'Gun battle' over universal background checks bill
"This (bill) would not have stopped the deranged young man who murdered my son, but it will save someone else's son, daughter, sister, brother, father or mother," said Nicole Hockley, one of two Sandy Hook victims' parents who came to the Granite State to press for passage of House Bill 1589.
But gun rights advocates told the House Commerce and Consumer Affairs committee the bill, if passed, would punish only law-abiding citizens.
The bill would require that all firearms be sold or transferred through a licensed firearms dealer, ending private sales or sales through the Internet or at gun shows.
Among a long list of exemptions in the bill are transfers between immediate family members, police or corrections officers acting within the scope of their jobs, a U.S. Marshal or member of the armed forces doing his or her official duties, a licensed gunsmith who accepts a firearm for repair and the "temporary transfer of a firearm between spouses" for self-defense.
According to the nonprofit Law Center to Prevent Gun Violence, 17 states and the District of Columbia "have extended the background check requirement beyond federal law to at least some private sales," while six states and the District of Columbia require "universal background checks at the point of sale for all transfers of all classes of firearms, including purchases from unlicensed sellers."
The bill faces a difficult road, even in the Democratic-controlled House. If the House gives the bill initial approval, it will then be reviewed by the House Criminal Justice and Public Safety Committee, which will then send it back to the House with a recommendation. If the House gives it final approval, the bill will then move to the Senate, where Republicans hold a 13-11 majority.
A spokesman for Gov. Maggie Hassan said after the hearing she "believes we must always be looking for ways to make our communities safer and stronger and that we owe it to those we've lost in tragedies like Newtown to come together to identify ways to help prevent such horrific acts of violence.
"The Governor appreciates that HB 1589 has encouraged an important dialogue about New Hampshire's background check system for firearm purchases, and she will continue to listen to all sides as the measure moves through the legislative process," spokesman Marc Goldberg said.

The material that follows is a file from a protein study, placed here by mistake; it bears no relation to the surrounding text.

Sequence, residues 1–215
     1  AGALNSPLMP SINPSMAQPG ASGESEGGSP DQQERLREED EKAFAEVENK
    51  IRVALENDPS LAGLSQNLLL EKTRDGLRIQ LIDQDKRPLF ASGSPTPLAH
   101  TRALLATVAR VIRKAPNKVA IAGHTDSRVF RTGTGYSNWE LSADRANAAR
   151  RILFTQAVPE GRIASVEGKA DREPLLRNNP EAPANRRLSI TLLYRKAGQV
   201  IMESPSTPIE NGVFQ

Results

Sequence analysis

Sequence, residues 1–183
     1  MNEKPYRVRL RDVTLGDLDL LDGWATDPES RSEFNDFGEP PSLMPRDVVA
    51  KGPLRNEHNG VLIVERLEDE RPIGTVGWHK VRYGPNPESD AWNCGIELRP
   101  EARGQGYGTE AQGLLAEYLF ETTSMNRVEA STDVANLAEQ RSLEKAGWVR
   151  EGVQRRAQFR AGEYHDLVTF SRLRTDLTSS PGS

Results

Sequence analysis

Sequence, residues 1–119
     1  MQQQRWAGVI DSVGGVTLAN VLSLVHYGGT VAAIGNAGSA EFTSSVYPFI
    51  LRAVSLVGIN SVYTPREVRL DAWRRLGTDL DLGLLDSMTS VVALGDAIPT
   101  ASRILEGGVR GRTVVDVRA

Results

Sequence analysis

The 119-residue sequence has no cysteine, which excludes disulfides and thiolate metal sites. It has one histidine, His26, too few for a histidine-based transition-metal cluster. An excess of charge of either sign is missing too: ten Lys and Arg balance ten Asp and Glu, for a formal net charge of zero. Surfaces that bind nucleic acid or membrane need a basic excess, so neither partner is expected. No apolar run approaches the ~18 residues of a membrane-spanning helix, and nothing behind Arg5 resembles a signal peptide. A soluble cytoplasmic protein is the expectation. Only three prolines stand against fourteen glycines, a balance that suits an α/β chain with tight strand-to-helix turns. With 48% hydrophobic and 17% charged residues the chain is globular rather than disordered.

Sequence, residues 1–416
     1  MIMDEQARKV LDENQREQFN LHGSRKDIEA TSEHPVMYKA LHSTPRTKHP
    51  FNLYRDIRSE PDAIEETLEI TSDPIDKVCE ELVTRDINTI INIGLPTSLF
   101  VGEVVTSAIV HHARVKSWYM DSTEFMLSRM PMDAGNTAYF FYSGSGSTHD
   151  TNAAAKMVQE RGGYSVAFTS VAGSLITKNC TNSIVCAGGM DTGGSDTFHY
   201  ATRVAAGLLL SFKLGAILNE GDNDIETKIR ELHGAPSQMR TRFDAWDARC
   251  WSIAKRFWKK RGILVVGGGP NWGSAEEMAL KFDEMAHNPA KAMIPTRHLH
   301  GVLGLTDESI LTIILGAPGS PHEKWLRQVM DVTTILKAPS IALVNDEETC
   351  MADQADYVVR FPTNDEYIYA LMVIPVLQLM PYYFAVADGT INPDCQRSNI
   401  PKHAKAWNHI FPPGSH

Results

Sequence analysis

Sandy Hook parent Hockley called it "common sense" to take steps to "keep guns out of the hands of whose who shouldn't have them." She was joined by Mark Barden, whose 7-year-old son, Daniel, also died on Dec. 14, 2012
"Background checks didn't save Dylan's life," Hockley acknowledged. "Many of the laws being considered in our country may not have saved him. But that hasn't stopped parents like Mark and me from advocating for strong background checks and many more sensible solutions that would prevent gun violence and save the lives of others," Hockley said.
Barden said he now has "a moral obligation to ensure that no other children are killed by gun violence."
Supporters acknowledged that the bill does nothing to try to regulate the sale of firearms to the mentally ill. Another bill, under consideration in the state Senate, would require that those adjudicated mentally ill be reported to the National Instant Criminal Background Check System.
State Sen. David Pierce, D-Hanover, the lone Senate sponsor of the background checks bill, said it represents "the common sense that has long been missing from our gun laws."
But Rep. J.R. Hoell, R-Dunbarton, secretary of the New Hampshire Firearms Coalition, said the group is "strongly opposed" to a bill that he said would "put New Hampshire citizens in prison for up to seven years for selling a gun to a friend or neighbor."
"Have you ever lent a rifle to a friend while hunting?" Hoell asked.
Rep. Al Baldasaro, R-Londonderry, called it "basically a feel-good bill.
"What happened in Sandy Hook, God bless them. It never should have happened but this bill never would have corrected what went on there," Baldasaro said, calling for increased sentences for those who committed crimes with unlicensed guns.
Tom Ryan of Lyme, a former 20-year police officer, called the bill "de facto gun registration," which, he said, "will eventually evolve into confiscation."
Ryan called it "purely an anti-gun bill that seizes opportunistically on these unfortunate tragedies."
Ralph Demicco, owner of Riley's Gun Shop in Hooksett, said, "The road to hell is paved with good intentions," questioning how effectively such a law would be enforced.
Former state Republican Party Chairman Jack Kimball called it an "outrageous bill that will "turn thousands of New Hampshire law-abiding citizens into felons.
"I don't intend to abide by this bill," he said. "I'm sick and tired of having to come here to these hallowed halls to continue to defend the God-given rights we all have."
To applause from fellow opponents, he called on the bill's sponsors to "step down today" from their elective offices. "You don't belong here."
House Republican Leader Gene Chandler R-Bartlett, said in a statement the bill "attempts to solve a non-existent problem.
"We all want to keep guns out of the hands of those with criminal intent or those who may be mentally unfit, but this bill is an excessive overreach," Chandler said. "Criminals will always find ways to circumvent this law as they do other laws."
But chief sponsor Rep. Elaine Andrews-Ahearn, D-Hampton Falls, insisted the policy is not a "political issue," but instead "an issue of common sense and an issue of public health and the safety of our communities."